So the Minnesota Vikings are on the clock at 14, having just been sniped on a falling Rashawn Slater by the equally OL-starved Los Angeles Chargers. However, Alijah Vera-Tucker is still on the board. He is the epitome of what Minnesota has recently tried to stock its offensive line with: top-end athleticism (as evidenced by a 9.8 Relative Athletic Score that would rank top-five in either the guard or tackle) and the position flexibility of an experienced tackle with the tools to succeed inside as well.
And then Trader Rick did what he does, and my visions of the next Randall McDaniel went poof.
Fortunately, Rick Spielman is a much more patient man than I. Only one offensive lineman went off the board over the next eight picks, Alex Leatherwood in a mini reach to the Las Vegas Raiders at 17. That put the Vikings back on the clock at 23, with two extra third-round picks in their back pocket and the same personnel needs they faced at 14.
Would the Vikings satiate Mike Zimmer with a defensive pick? Would they reach for one of the remaining tackles who were more typical of their type? Would Spielman trade back again and continue his quantity-over-quality trend of stockpiling Day 3 selections?
Would Minnesota’s move be dumb? Or dumber?
The Vikings selected massive 6’4″, 322 lb. offensive tackle Christian Darrisaw to fill the hole left by Riley Reiff’s departure. While among the names regularly mocked to Minnesota in the ramp-up to the 2021 NFL Draft, Darrisaw was hardly the prototypical Vikings offensive lineman.
Not that Darrisaw isn’t athletic. Even the most negative comments about his athleticism were of the “doesn’t have elite lateral quickness” or “lacks quick, fluid footwork off the edge” ilk. That hardly paints a picture of an immobile player.
Darrisaw also carries 15-20 more pounds than what Vikings fans are used to seeing along their offensive line, making his nimble feet all the more impressive considering they’re attached to such a ginormous mass of humanity.
Picturing Spielman selling Zimmer on this pick in the draft room, if that was even necessary, I’m sure Rick pointed out Darrisaw’s experience in the zone scheme and dominance as a run blocker. That Darrisaw didn’t allow a sack or QB hit last year probably doesn’t even matter to a coach who wants to run the ball on every down — but it will surely come in handy when Kirk Cousins drops back to pass.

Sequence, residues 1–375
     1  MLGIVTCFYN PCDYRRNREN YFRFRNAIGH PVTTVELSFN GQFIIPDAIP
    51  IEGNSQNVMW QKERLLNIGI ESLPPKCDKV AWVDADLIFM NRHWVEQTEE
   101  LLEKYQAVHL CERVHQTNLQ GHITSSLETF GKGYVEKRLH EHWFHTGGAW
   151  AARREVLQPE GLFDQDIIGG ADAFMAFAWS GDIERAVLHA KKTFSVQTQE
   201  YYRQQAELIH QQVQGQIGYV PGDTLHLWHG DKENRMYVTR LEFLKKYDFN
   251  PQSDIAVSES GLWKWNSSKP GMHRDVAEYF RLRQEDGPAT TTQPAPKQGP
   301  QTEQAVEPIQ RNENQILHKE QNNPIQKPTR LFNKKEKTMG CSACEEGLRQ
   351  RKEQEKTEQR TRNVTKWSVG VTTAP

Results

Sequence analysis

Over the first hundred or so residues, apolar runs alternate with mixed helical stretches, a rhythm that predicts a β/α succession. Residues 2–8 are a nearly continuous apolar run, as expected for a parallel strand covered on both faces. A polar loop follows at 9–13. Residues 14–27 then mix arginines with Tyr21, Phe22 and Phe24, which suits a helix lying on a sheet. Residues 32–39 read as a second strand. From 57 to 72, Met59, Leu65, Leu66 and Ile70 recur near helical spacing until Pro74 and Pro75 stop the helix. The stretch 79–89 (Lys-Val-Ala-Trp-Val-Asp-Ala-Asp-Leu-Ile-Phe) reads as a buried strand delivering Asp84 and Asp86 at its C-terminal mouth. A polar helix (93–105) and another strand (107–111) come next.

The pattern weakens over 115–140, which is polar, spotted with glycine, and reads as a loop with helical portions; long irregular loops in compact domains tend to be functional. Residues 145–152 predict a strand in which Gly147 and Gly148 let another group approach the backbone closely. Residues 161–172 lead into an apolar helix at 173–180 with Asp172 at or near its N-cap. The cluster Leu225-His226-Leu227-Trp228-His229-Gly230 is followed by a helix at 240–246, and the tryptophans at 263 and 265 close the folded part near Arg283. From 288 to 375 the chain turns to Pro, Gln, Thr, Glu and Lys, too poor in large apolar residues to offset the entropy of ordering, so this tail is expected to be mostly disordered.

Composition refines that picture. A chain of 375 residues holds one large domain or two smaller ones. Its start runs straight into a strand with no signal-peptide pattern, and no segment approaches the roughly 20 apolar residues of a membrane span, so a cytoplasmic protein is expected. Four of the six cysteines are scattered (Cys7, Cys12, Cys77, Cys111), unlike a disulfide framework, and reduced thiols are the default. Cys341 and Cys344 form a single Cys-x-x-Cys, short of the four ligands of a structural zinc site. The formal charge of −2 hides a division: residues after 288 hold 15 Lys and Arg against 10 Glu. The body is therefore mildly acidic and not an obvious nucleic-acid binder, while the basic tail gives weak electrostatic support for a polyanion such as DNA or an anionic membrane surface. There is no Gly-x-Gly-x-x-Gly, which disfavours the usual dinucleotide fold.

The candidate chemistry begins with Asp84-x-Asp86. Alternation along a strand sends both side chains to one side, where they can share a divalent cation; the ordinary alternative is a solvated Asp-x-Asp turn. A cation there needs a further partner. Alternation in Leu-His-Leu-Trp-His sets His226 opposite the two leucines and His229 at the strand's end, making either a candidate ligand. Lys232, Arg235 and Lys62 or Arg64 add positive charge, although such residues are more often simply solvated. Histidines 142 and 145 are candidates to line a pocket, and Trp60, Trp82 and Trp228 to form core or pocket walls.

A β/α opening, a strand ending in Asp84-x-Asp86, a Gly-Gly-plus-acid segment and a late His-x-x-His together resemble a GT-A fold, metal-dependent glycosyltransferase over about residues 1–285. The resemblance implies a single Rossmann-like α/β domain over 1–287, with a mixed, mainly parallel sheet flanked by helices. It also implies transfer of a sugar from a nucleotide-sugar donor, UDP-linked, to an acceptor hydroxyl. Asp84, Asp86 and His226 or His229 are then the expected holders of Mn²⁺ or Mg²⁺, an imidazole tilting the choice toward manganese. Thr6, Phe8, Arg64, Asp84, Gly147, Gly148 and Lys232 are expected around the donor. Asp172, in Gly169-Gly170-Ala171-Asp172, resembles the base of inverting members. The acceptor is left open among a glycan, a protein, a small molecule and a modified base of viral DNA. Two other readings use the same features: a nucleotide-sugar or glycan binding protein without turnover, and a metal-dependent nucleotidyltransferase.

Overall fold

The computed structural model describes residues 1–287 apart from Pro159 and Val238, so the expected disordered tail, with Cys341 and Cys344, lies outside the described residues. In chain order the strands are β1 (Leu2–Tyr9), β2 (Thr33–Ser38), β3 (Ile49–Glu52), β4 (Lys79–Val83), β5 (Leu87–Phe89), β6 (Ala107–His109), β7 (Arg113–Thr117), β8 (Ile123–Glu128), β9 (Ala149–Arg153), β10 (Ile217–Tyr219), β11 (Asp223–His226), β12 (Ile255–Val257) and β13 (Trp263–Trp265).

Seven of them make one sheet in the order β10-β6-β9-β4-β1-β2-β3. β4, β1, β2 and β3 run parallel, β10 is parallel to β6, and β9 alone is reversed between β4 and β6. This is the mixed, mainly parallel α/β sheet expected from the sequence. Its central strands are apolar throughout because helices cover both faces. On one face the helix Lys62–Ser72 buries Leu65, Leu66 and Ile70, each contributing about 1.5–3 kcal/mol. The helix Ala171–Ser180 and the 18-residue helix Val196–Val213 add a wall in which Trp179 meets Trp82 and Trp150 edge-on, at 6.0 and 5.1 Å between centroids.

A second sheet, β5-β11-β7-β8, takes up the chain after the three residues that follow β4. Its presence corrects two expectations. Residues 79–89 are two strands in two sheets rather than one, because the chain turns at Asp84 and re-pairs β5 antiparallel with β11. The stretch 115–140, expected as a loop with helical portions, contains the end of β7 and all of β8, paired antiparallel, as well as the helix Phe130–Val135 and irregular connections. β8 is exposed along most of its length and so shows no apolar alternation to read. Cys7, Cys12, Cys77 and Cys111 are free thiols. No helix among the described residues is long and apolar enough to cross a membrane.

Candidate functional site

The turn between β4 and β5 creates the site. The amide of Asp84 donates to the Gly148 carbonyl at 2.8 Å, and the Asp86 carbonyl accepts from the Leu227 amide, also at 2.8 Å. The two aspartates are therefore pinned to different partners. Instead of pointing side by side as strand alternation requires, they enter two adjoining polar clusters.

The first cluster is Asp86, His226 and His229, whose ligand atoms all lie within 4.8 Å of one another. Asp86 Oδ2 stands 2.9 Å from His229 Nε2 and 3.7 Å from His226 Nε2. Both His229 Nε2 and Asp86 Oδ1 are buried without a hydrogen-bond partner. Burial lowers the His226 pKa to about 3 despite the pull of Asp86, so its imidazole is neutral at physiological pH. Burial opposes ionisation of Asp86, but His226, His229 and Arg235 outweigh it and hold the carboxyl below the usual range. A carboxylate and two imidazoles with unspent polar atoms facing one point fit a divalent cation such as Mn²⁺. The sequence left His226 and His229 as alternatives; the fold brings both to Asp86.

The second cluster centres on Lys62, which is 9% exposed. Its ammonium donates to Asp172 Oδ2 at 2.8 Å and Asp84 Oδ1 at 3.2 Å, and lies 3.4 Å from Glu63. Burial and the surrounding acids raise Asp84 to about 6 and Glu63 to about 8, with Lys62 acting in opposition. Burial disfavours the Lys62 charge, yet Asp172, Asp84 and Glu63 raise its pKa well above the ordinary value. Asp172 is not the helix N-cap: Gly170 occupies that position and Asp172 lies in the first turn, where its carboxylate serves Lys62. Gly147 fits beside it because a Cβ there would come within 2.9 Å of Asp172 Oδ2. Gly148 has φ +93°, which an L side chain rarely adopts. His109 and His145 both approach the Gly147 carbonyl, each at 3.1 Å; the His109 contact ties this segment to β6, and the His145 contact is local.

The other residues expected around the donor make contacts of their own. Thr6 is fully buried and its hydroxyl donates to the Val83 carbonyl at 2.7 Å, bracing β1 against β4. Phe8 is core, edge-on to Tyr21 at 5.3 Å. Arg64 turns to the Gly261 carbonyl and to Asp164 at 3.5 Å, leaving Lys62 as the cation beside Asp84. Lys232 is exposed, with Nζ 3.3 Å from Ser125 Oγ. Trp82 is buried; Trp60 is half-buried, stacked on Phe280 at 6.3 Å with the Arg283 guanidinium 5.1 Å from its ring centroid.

So instead of going a different (defensive) direction on Day 1 and hoping to add another uber-athletic offensive lineman into the mix (think Sam Cosmi, Liam Eichenberg, or Brady Christensen), the Vikings planted a flag with an experienced (2,319 of 2,320 college snaps at LT, according to Pro Football Focus) left tackle capable of physically dominating in both the running and passing games.
If that wasn’t enough to make a guy forget his man-crush on AVT, how the Vikings followed up the Darrisaw pick on Day 2 all but wadded up those love letters and tossed ‘em in the trash can.
After tabbing Kellen Mond as their developmental quarterback of the future and scratching Zimmer’s defensive itch with linebacker Chazz Surratt (who can personally attest to Darrisaw’s blocking ability), Minnesota made a pick that, if all goes according to plan, will patch up the other hole in its offensive line.
And once again they went off-script to do so. In a good way.
Wyatt Davis was considered by many to be a first-round prospect heading into the last season. While he was again named an All-American while helping Ohio State to the national championship game, his draft stock dipped a bit. He also carries a little more weight (315 lbs.) than the Vikings have been trotting out at guard, and his scouting reports include more issues succeeding on the move and at the second level than you might want from a guard being employed in a zone scheme.
But anyone who has all too frequently seen guard after guard shoved back into Kirk Cousins’ lap has to love scouting report entries such as “has the anchor to handle his work in pass protection” (Lance Zierlein) or “almost never loses one-on-one in pass protection” (PFF). Athleticism along the interior line is nice and all, but going that direction hasn’t worked for a couple of seasons; respect to the Vikings for opting to try a little more “sand in the pants” (one of the more intriguing draft terms and yet really uncomfortable when you think about it).
It’s not too early to project both Darrisaw and Davis as starters along the Vikings’ offensive line; perhaps the only decision to be made is if Davis remains on the right side, where all 1,713 of his college snaps came, and the Vikings move Ezra Cleveland (again) to left guard.
Personally, given that Davis is renowned for finishing his blocks, and that’s one of the knocks on Darrisaw, I’d like to see them paired up in hopes that some of Davis’ nasty rubs off on Darrisaw. Just how the line shapes up from left to right is certainly something to watch as the Vikings assemble the pieces for next season.
But the biggest takeaway for me from the 2021 draft is that, while Rick Spielman can’t help himself when it comes to trading down, he’s at least willing to take a different approach from the one that over the past seven years has produced an average PFF ranking of 18.8 in run blocking and 25.8 in pass protection.
And if Darrisaw and Davis live up to expectations, this time next year, Vikings fans can wring their collective hands over another need for a change.